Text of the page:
As I listened to the MKH-60, I sensed a lot of balance in the sound. Just as in the Schoeps CMIT5u, the MKH-60 sounded surprisingly good in a small room with lots of reflective surfaces. I would characterize the sound of the MKH-60 as mid-range emphasized whereas the MKH-50 seemed to be much more bass focused overall. The MKH-60 is a favorite for newer boom operators as it’s pickup pattern is pretty forgiving yet has good rejection of off-axis noise. Like the MKH-50, the overall sound quality of the MKH-60 is darker than many of the other mics tested, one more reason why it is important to have more than one microphone in your sound kit. Sometimes your talent can sound kind of high frequency or even chirpy. Recording that sort of voice through a mic that emphasizes high frequencies can be a mistake. A microphone like the MKH-60 can do very good things for thinner sounding and female/kid voices, as it lends then some richness. I would say that overall the sound of the MKH-60 leans toward the mids.
Test #3 Microphone handling noise, Interior, narrative setup Listen to test #3 recording sample
The MKH-60 exhibited even slightly lower handling noise levels than the MKH-50. I used the same Sennheiser mic mount and obtained very impressive results. I would say that this would be a great mic to consider if you are an amateur boom pole operator and need a forgiving mic. The MKH-60 isolates you from the boom pole in a way that is very appealing. I felt confident that with this mic, I could actually boom operate and get decent results. That’s saying a lot.
Test #5. Male Voice, Exterior, on-axis, narrative setup Listen to test #5 recording sample
The MKH-60 was an outstanding performer on the exterior test. I heard very little off-axis sound but I never got a sense being in a VO booth that I had with the Schoeps CMIT5u and the Neumann KMR-81i. I would say overall, the MKH-60 shared a lot of similar qualities with the Sanken CS-3e. They both sound very natural on exteriors with the Sanken leaning slightly toward the mids and the Sennheiser leaning slightly toward the lows. Interestingly, the MKH-60 presents with a lot less of a bass feel than the MK-50 on exteriors. I really like the sound quality of this mic and I am told that the MKH-60 makes an excellent mic for hand booming by less experienced boom operators. It has some latitude and forgiveness in it’s pickup pattern which makes it a natural for a beginning boom operator.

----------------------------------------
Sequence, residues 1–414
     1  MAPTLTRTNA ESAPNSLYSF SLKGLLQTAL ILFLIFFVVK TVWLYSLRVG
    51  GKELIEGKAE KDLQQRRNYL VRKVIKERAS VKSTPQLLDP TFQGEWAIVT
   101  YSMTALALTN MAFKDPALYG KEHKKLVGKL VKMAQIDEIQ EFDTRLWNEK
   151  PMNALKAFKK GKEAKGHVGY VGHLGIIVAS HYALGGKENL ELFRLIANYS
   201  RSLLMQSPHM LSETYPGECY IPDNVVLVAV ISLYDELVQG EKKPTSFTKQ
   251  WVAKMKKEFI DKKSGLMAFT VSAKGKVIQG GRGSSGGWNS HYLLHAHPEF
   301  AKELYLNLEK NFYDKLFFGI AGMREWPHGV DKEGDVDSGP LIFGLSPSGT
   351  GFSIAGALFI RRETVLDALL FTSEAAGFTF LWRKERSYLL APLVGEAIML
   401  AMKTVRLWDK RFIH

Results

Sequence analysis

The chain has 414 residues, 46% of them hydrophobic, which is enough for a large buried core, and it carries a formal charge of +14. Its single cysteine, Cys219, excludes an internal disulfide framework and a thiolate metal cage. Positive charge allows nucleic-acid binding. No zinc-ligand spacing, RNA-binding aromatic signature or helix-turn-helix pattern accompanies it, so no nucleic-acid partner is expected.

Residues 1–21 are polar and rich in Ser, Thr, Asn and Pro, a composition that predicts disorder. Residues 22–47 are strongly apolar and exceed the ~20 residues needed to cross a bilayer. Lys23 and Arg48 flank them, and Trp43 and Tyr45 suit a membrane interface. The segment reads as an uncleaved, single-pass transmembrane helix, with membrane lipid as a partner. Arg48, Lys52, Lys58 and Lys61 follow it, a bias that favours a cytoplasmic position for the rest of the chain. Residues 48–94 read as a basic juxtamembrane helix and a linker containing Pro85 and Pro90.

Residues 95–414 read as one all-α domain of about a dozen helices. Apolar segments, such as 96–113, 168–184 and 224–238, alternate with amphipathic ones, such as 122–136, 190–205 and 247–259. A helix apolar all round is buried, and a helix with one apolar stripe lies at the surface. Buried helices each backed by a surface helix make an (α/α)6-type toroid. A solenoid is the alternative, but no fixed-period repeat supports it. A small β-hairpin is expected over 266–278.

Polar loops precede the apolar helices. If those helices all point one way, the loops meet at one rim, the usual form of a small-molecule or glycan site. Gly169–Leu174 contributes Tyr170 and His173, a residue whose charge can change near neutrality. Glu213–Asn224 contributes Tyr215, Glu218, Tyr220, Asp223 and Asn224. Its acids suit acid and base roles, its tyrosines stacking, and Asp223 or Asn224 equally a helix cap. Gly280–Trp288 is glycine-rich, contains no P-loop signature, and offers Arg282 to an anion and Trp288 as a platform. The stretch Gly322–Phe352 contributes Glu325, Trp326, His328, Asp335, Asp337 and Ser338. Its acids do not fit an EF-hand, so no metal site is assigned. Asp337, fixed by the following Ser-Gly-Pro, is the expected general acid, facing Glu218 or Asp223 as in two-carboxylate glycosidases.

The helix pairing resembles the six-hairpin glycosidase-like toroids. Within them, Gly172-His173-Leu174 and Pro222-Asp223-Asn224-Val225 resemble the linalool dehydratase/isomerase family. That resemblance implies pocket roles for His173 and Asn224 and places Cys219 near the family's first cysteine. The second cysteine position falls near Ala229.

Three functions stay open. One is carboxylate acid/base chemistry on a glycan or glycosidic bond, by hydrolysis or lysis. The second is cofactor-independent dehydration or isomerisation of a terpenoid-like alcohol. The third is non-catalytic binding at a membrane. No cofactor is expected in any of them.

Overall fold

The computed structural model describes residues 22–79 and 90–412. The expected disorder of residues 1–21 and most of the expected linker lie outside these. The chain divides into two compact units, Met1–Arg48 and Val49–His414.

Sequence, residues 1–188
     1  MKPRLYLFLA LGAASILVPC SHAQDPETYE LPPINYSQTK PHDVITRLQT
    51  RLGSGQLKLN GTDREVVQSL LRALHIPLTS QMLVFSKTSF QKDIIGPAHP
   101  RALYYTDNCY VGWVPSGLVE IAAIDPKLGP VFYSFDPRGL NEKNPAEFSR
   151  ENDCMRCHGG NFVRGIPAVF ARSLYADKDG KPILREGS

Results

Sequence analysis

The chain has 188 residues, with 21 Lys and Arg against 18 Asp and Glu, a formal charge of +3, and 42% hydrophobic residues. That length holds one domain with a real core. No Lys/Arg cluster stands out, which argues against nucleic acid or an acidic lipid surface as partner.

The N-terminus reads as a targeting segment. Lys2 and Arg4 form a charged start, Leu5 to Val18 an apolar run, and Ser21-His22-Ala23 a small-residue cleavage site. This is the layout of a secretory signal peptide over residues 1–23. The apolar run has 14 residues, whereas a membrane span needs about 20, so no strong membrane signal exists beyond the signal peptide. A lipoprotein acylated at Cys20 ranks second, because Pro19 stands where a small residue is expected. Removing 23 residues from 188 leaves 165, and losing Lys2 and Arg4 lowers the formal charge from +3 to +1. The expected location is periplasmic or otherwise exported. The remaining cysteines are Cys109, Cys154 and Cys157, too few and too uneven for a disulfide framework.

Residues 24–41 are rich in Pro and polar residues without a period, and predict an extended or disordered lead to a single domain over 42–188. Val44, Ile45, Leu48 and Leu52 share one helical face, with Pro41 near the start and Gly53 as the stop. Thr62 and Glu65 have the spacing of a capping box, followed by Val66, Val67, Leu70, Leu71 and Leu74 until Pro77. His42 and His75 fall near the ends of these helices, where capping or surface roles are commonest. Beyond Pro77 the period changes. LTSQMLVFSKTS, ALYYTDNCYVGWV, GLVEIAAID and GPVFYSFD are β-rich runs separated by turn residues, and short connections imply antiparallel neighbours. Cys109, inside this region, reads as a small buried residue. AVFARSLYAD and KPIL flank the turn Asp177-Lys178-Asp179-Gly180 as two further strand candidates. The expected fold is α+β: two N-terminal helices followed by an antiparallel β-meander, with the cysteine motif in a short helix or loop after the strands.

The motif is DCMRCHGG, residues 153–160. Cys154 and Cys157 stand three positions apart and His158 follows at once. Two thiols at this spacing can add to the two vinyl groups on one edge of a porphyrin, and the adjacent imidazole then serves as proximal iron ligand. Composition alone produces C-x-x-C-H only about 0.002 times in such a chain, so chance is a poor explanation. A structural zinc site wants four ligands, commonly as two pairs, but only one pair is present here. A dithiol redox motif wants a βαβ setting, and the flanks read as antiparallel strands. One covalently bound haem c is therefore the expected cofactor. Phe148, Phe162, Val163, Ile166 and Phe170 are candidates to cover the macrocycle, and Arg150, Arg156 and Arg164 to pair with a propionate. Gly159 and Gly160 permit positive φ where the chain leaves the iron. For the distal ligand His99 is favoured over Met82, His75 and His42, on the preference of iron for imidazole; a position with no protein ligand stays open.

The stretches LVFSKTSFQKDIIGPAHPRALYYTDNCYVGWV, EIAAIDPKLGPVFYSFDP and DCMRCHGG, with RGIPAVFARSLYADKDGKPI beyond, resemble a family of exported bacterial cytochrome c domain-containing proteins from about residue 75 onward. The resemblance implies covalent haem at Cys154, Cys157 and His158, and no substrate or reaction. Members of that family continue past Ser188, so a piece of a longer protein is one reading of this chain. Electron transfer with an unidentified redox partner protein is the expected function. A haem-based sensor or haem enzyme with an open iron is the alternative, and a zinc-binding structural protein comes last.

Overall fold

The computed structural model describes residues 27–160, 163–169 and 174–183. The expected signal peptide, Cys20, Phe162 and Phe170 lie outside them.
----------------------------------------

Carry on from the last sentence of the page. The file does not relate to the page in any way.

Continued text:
Final Evaluation and Recommendations
Unlike it’s sibling, the MKH-50, the Sennheiser MKH-60 had a slightly more balanced sound overall. It produced less bass coloration on exteriors, had excellent off-axis rejection and did extremely well in the mic handling tests. In exteriors, the MKH-60 seemed to compare more to the Sanken CS-3e than the other German microphones. After reviewing both of these Sennheisers, I could see that teaming the two of them together would result in a very complimentary microphone package, if not an inexpensive one.
I have shot many hundreds of interviews with the MKH-60 over the years and it presents a very well balanced sound picture with a slight mid-range emphasis. Personally, I find that I really enjoy using the MKH-60 although it becomes rather transparent, like the Schoeps CMC641. After a while, you just don’t notice the microphone’s characteristics at all, you just notice the sound it recorded. I feel that the Schoeps is less colored than the Sennheiser but both of them present a very realistic sound.